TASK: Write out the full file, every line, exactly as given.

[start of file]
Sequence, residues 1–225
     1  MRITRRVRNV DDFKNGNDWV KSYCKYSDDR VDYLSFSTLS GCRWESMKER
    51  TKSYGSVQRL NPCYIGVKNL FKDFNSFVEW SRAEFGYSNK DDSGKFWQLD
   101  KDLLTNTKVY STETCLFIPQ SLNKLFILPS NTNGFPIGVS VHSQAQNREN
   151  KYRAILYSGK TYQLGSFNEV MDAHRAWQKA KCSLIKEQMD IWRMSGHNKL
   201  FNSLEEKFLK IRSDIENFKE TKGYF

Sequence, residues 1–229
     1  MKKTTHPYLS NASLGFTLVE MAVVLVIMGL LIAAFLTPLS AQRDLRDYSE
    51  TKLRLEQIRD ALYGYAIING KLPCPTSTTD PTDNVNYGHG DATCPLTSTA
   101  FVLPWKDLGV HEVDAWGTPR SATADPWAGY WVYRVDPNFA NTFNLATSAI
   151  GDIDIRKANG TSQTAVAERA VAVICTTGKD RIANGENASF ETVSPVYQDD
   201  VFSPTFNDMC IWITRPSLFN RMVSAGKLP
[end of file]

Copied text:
Sequence, residues 1–225
     1  MRITRRVRNV DDFKNGNDWV KSYCKYSDDR VDYLSFSTLS GCRWESMKER
    51  TKSYGSVQRL NPCYIGVKNL FKDFNSFVEW SRAEFGYSNK DDSGKFWQLD
   101  KDLLTNTKVY STETCLFIPQ SLNKLFILPS NTNGFPIGVS VHSQAQNREN
   151  KYRAILYSGK TYQLGSFNEV MDAHRAWQKA KCSLIKEQMD IWRMSGHNKL
   201  FNSLEEKFLK IRSDIENFKE TKGYF

Sequence, residues 1–229
     1  MKKTTHPYLS NASLGFTLVE MAVVLVIMGL LIAAFLTPLS AQRDLRDYSE
    51  TKLRLEQIRD ALYGYAIING KLPCPTSTTD PTDNVNYGHG DATCPLTSTA
   101  FVLPWKDLGV HEVDAWGTPR SATADPWAGY WVYRVDPNFA NTFNLATSAI
   151  GDIDIRKANG TSQTAVAERA VAVICTTGKD RIANGENASF ETVSPVYQDD
   201  VFSPTFNDMC IWITRPSLFN RMVSAGKLP